Right now, Hanley Ramirez seems to me like a future Hall of Famer. He plays a premium defensive position (and the numbers indicate that he really hasn't been bad defensively the last two years despite a bad reputation), he just won a batting title, he hits with power, he has stolen 50 bases in a season, and he will take a walk.
His career numbers at age 25: .318/.386/.543.
Then again, Nomar's numbers at a similar career point: .333/.382/.573.
Ya never know. I'm betting on Hanley, though.
4. David Wright. Yes, it was weird that he only hit 10 home runs in 2009. Weird and disconcerting because everything else about Wright's season seemed to be more or less in line with the rest of his career. He hit doubles at the same pace, triples at the same pace, stole bases like he usually does and walked at roughly the same pace. He struck out quite a bit more than usual, which could be a hint, but his average stayed about the same, his on-base percentage stayed about the same, too.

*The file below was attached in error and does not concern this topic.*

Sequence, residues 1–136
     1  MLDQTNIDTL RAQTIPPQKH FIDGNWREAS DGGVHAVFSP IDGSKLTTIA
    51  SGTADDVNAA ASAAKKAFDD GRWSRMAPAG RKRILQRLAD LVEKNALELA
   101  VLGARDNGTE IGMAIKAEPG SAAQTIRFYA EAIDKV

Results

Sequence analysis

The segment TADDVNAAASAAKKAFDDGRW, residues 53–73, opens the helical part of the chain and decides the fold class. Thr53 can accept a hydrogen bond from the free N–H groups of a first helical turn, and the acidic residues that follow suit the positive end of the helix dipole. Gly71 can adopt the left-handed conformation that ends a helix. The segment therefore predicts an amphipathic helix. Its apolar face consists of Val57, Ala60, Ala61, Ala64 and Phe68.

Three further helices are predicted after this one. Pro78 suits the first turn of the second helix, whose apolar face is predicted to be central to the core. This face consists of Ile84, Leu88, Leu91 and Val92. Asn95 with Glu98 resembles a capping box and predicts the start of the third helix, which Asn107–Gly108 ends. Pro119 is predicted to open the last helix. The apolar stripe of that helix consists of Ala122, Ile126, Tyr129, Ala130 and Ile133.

He just stopped hitting home runs. It's tempting to say this was because of the Mets' new stadium... and that no doubt played a role. Wright's home run swing fit old Shea Stadium. But the truth is that while he hit only five home runs at home, he also hit only five home runs on the road. It's a strange thing to see home run numbers drop so dramatically for a 26-year-old player, especially a player as good as Wright.
So, the question here: When thinking about future performance and such, how much stock do you put into a daunting home run drop? I don't think you can just ignore it. Still, it seems to me that Wright is such a good player in so many ways -- he hits for average, draws walks, steals bases, plays good third base defense (though his defensive numbers did fall off in 2009), and there's reason to believe his home runs will come back. I still think he's a good Hall of Fame bet. I think he'll get there.
5. Miguel Cabrera. He did not deserve a first-place MVP vote, but he's just such a good hitter and he's so young... I think he will simply bash his way into the Hall of Fame.